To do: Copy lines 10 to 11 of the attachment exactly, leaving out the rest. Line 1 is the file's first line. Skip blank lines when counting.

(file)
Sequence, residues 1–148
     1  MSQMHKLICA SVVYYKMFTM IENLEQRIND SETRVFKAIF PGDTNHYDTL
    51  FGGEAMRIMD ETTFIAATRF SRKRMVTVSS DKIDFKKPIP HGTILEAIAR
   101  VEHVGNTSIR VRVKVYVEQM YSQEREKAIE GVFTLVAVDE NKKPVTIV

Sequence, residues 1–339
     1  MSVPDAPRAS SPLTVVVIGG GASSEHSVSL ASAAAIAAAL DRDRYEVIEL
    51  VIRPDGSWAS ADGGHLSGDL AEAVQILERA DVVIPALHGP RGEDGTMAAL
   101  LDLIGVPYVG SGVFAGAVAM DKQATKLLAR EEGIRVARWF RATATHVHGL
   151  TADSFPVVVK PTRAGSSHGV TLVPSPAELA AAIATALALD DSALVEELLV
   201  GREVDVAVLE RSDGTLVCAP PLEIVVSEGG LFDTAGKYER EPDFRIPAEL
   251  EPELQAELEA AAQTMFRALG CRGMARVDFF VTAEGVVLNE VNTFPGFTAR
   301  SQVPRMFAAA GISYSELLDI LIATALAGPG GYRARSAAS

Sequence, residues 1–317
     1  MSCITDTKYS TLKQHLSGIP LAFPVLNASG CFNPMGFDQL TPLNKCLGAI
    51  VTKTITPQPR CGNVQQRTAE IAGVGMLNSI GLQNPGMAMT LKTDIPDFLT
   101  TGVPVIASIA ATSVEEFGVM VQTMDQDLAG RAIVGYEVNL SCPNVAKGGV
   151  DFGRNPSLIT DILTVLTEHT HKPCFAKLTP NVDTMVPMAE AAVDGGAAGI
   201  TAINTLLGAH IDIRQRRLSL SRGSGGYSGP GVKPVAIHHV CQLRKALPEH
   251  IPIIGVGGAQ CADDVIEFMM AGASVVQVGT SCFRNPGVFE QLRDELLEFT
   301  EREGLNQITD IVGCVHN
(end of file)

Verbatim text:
   201  GREVDVAVLE RSDGTLVCAP PLEIVVSEGG LFDTAGKYER EPDFRIPAEL
   251  EPELQAELEA AAQTMFRALG CRGMARVDFF VTAEGVVLNE VNTFPGFTAR